Ever Wonder Why Parenting Is Just So Hard?
Some days parenting feels easy. Everything goes as planned and you and your kiddos get from wake-up to bedtime without any major injuries or meltdowns or crises. Other days though, parenting feels hard.
There are the days when most things go right but you’re left with the nagging feeling you didn’t answer that major life question quite right or wondering if you’re doing all you can to help your child become their best self. And there are days when everything seems to go wrong, from a rushed and cranky morning, to a fitful lunchtime, all the way through to a tantrum at bedtime. Days like that can leave you wondering why parenting feels just so, well, hard.
It turns out that parenting feels hard because of a couple of simple reasons related to the ways our brains work and learn. While it’s true that some of the difficulty of parenting comes from the fact that we love our little creatures more than life itself but absolutely hate cleaning up little bits of food from the floor after every meal, there are real scientific reasons that parenting feels harder than just about any other job we could choose. Let’s look at why the way we learn new skills makes parenting feel as tough as it often does.
Parenting is not one skill
While we might think of parenting as one global topic, in reality, it’s hundreds and hundreds of skills that must come together to make us effective parents. Some skills are easy to master while others … not so much.
Think about it: it usually only takes people a few tries to become diaper changing masters but it can take a lifetime to get good at helping a small person manage their emotions or to effectively deal with a mid-meal meltdown.
To be effective at most jobs we need to develop a whole set of skills and, the more skills required, the more difficult it is to feel good at it. Because parenting requires us to learn so many different skills it can often feel much more difficult than our 9:00-5:00 which requires a narrower skill set.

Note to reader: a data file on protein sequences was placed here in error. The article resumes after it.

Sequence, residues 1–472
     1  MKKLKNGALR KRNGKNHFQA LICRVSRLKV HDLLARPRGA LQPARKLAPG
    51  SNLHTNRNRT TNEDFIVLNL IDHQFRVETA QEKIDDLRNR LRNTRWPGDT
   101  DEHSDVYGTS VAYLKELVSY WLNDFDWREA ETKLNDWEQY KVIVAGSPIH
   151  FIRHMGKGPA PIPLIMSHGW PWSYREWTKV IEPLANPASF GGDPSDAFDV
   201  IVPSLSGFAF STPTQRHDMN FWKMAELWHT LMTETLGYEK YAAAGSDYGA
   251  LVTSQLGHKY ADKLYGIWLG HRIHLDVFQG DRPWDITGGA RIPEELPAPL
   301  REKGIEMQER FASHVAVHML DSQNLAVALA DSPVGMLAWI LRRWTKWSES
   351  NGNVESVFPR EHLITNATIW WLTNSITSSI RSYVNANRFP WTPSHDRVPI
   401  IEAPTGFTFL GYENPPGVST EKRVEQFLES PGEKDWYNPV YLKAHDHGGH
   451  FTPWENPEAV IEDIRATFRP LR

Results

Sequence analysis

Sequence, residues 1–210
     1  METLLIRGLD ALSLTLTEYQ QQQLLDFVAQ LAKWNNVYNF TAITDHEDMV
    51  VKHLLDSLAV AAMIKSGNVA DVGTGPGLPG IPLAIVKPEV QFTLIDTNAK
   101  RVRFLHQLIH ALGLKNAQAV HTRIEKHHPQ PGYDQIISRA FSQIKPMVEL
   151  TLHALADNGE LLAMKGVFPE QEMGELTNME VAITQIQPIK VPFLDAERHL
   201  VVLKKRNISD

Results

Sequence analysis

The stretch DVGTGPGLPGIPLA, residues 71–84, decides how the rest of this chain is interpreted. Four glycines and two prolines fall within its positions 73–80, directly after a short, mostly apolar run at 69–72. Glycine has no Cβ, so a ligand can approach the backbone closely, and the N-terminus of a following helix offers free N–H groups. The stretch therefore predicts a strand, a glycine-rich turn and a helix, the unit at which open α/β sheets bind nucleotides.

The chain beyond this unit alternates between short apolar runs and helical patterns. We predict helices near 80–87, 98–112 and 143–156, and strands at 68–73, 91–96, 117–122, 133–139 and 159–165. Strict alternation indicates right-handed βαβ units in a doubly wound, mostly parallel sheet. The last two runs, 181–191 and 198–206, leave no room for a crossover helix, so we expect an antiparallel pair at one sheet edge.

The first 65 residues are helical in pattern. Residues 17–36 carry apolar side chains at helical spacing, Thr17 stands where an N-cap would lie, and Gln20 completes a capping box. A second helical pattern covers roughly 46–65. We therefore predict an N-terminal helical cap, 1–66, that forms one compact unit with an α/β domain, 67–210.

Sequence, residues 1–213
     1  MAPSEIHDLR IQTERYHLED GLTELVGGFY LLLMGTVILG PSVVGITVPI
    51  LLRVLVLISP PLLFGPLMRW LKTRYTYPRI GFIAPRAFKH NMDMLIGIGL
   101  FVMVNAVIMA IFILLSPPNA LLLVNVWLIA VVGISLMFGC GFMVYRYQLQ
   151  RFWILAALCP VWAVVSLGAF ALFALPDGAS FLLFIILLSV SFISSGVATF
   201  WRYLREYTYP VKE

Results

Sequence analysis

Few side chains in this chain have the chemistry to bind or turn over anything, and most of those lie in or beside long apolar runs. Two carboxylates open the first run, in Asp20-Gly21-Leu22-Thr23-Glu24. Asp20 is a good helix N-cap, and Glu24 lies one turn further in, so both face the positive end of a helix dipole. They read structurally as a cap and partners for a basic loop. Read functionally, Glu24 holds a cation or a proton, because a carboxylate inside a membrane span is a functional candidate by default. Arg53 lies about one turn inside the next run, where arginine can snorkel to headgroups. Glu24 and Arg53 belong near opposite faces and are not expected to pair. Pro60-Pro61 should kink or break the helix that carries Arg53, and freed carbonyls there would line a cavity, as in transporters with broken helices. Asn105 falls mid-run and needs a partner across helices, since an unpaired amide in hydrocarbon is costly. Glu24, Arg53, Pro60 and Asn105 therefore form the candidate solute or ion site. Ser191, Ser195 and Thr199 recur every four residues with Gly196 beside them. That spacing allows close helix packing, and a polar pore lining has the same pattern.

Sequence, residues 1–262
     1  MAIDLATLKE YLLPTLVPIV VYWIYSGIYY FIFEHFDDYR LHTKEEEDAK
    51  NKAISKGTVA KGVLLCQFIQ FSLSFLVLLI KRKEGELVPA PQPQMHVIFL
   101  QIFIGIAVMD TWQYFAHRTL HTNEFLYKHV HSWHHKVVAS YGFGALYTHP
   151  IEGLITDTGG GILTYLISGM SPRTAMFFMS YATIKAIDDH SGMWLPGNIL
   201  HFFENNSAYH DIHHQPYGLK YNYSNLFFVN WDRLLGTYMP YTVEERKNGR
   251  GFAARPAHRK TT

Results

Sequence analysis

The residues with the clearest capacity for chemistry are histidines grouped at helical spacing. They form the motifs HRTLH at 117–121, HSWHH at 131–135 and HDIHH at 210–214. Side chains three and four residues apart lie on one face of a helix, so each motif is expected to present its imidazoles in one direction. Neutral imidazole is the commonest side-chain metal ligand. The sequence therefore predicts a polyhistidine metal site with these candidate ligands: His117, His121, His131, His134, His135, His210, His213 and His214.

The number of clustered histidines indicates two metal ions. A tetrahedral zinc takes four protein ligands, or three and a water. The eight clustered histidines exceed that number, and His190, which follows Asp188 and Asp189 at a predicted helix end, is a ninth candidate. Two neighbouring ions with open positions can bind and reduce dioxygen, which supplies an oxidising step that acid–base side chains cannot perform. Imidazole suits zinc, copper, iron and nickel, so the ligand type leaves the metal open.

It takes up to six years to get great at something
Studies have shown that it can take up to six years of consistent practice to get good at something. By this measure, we might think that, by the time our child is six, we’d be parenting experts. This line of thinking makes sense until we consider the fact that parenting is an ever-evolving task and that we haven't had six years to master being the parent of a six-year-old rather, we had a few months to practice being the parent of a newborn, a few years to practice being the parent of a toddler and only a year, by the close of their sixth year, to practice being the parent of a six-year-old.
Add to this the fact that children change and develop rapidly even as we call them ‘toddlers’ for years and it becomes clear that it’s simply not possible to put in the time necessary to feel like an expert with any single child.
There is no mentor
Adult brains learn best when they have someone they respect and admire to learn from, this is why mentoring programs are so popular within large scale, successful companies. In parenting though, there is no mentor.
While parents may have other adults — sometimes their own parents, sometimes friends or acquaintances — whose parenting practices they admire greatly, they often find that they can’t emulate these practices because the practices they so admire were developed for a totally different child with a totally different set of personality traits, challenges, and strengths.
While it would certainly be helpful, there’s simply no mentor who can model, with expertise, how to parent someone else's child.
The stakes are high and control is low
We all learn best when we’re not overly stressed. Unfortunately, parenting is one job that includes all the ingredients for a high-stress situation because the stakes are extremely high and our control is often woefully low.
While we have control over our parenting choices we don’t have control over the people they most deeply impact: our children. No matter how great our bedtime or mealtime or morning routine is there’s simply not a way to force another human to sleep or eat or move faster if they don’t want to. To further add to the stress, we often don’t know which parenting decisions will be inconsequential and which ones will deeply and formatively shape our children's futures. This mix of high-stress ingredients can make even low-key parenting days feel challenging.
So, if you often end the day feeling like you’re not as good at parenting as you’d like to be, rest assured that, because of the way our brains work and learn, it’s not possible for anyone to be an expert. One important thing to remember though? Kids don’t need experts. Science tells us that generally, all kids need to find a happy equilibrium is some solid boundaries, a receptive, warm parent and unconditional love. And those are all things you can master today.